“There are neither moral nor legal grounds to justify Amendment One and it’s time for citizens and elected officials to act with conviction and urgency to change it. Mr. Reisinger’s actions are another step forward in the path to full equality for LGBT people,” says Rev. Jasmine Beach-Ferrara, Executive Director of the Campaign for Southern Equality. “Attorney General Cooper, who has just announced his support for marriage equality, can choose not to defend Amendment One, as has happened in other states with similar laws. Until this law changes, we will continue to stand with same-sex couples across North Carolina as they ask their local Register of Deeds to issue marriage licenses as an act of conscience.”
Marriage license offices in other states with bans on same-sex marriage, most recently Pennsylvania, have taken the step of issuing licenses to same-sex couples. Similarly, Pennsylvania Attorney General Kathleen Kane has refused to defend the state’s ban on same-sex marriage, calling it “wholly unconstitutional.”
“We are hopeful that Attorney General Cooper will do the right thing and recognize our right to marry after 25 years in a committed relationship and having raised 2 kids together,” says Brenda Clark who, with her partner Carol McCrory, will apply for a license in Buncombe County tomorrow as part of the WE DO Campaign. Ms. Clark and Ms. McCrory, residents of Fairview, N.C., have requested – and been denied – marriage licenses at the Buncombe County Register of Deeds Office four times since 2011.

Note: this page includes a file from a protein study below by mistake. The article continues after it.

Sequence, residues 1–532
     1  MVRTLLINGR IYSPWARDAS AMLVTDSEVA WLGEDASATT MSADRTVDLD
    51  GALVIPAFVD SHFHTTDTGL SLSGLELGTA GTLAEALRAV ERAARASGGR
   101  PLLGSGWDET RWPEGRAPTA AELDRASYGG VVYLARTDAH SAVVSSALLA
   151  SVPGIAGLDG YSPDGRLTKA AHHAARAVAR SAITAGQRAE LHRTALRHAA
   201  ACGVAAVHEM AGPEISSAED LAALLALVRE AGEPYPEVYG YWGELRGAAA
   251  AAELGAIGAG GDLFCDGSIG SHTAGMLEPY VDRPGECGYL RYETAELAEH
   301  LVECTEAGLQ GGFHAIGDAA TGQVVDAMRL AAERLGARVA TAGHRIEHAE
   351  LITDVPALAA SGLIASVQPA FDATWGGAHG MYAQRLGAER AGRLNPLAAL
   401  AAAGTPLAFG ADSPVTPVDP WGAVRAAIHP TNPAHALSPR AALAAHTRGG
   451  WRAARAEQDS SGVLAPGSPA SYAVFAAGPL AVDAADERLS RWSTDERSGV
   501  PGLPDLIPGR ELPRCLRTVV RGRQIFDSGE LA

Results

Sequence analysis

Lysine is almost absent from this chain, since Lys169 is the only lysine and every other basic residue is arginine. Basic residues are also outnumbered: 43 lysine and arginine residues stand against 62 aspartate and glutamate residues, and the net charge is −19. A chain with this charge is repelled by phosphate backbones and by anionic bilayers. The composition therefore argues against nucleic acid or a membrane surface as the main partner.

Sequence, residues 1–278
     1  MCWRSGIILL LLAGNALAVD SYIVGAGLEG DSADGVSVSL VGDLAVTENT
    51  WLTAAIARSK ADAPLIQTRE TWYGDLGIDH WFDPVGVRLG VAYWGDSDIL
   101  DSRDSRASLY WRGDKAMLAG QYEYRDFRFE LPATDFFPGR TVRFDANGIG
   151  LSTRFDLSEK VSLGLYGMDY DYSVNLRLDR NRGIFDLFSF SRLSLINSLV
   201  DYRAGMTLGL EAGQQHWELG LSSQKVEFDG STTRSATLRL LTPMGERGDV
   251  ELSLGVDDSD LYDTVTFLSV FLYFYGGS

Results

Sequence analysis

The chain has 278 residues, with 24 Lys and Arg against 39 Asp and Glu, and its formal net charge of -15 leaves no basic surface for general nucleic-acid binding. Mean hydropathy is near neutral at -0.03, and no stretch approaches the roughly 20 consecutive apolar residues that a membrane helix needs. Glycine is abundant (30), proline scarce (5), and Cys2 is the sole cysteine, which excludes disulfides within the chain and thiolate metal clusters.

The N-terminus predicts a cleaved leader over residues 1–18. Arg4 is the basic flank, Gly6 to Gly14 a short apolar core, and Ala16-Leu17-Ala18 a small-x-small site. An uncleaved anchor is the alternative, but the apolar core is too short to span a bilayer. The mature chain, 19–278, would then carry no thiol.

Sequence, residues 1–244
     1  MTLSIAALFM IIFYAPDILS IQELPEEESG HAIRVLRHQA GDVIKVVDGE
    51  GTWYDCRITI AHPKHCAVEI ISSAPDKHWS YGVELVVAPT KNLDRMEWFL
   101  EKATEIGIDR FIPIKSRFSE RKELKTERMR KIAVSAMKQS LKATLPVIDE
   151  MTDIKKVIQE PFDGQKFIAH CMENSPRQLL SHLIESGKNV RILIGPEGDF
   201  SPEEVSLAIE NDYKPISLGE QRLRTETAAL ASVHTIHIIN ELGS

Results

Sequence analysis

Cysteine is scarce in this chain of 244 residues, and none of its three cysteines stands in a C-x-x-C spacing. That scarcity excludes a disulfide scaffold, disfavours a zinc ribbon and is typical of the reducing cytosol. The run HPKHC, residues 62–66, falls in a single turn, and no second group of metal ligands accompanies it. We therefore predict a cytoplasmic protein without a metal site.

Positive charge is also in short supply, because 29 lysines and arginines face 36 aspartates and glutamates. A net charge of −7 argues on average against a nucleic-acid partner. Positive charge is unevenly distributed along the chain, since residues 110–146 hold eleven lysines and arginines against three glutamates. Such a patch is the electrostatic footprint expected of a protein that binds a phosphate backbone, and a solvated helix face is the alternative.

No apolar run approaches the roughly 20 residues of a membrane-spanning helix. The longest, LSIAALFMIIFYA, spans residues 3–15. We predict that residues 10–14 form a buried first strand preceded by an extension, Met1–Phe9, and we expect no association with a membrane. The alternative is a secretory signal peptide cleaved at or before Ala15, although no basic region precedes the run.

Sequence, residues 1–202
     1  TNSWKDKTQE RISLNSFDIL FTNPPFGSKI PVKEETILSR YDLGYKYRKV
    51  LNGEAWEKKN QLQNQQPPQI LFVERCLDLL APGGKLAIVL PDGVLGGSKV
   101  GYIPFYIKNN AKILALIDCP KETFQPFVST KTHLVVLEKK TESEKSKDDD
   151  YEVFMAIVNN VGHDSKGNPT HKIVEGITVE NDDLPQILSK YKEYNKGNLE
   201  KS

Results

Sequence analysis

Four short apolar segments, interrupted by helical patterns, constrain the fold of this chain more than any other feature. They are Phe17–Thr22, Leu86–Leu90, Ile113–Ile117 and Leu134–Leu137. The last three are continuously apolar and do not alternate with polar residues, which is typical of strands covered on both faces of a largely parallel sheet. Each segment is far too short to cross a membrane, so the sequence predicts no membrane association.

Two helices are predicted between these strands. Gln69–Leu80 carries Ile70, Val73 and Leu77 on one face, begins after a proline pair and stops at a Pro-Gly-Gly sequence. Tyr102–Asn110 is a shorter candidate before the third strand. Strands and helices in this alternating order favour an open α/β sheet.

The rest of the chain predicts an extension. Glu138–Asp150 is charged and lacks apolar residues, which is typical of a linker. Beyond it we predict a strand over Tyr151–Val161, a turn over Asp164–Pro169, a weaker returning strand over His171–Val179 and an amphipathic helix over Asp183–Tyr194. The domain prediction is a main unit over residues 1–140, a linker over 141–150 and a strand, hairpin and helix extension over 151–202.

A new Elon poll shows support for gay marriage in NC is growing rapidly and that 68 percent of voters under 30 support marriage rights for same-sex couples: http://www.elon.edu/docs/e-web/elonpoll/092013_ElonPollSummary.pdf.
Buncombe County is home to 1,200 same-sex couples according to the 2010 U.S. Census. This
represents 11.95 same-sex couples per 1,000 households, the highest percentage of any county in North Carolina.
Launched in 2011, the WE DO Campaign has involved more than 90 lesbian, gay, bisexual and transgender (LGBT) couples requesting marriage licenses in their hometowns across the South to call for full legal equality. During the current stage of the WE DO Campaign, LGBT couples in North Carolina will apply for marriage licenses in their hometowns on the following dates:
August 21: Madison County (completed)
August 30: Forsyth County (completed)
September 16: Guilford County (completed)
October 2: Henderson County (completed)
October 9: Mecklenburg County (completed)
October 15: Buncombe County
November 1: Transylvania County
November 4: Cabarrus County
November 22: Rowan County
Based in the South, the Campaign for Southern Equality is a national effort to assert the full humanity and equality of lesbian, gay, bisexual and transgender (LGBT) people in American life and to increase public support for LGBT rights.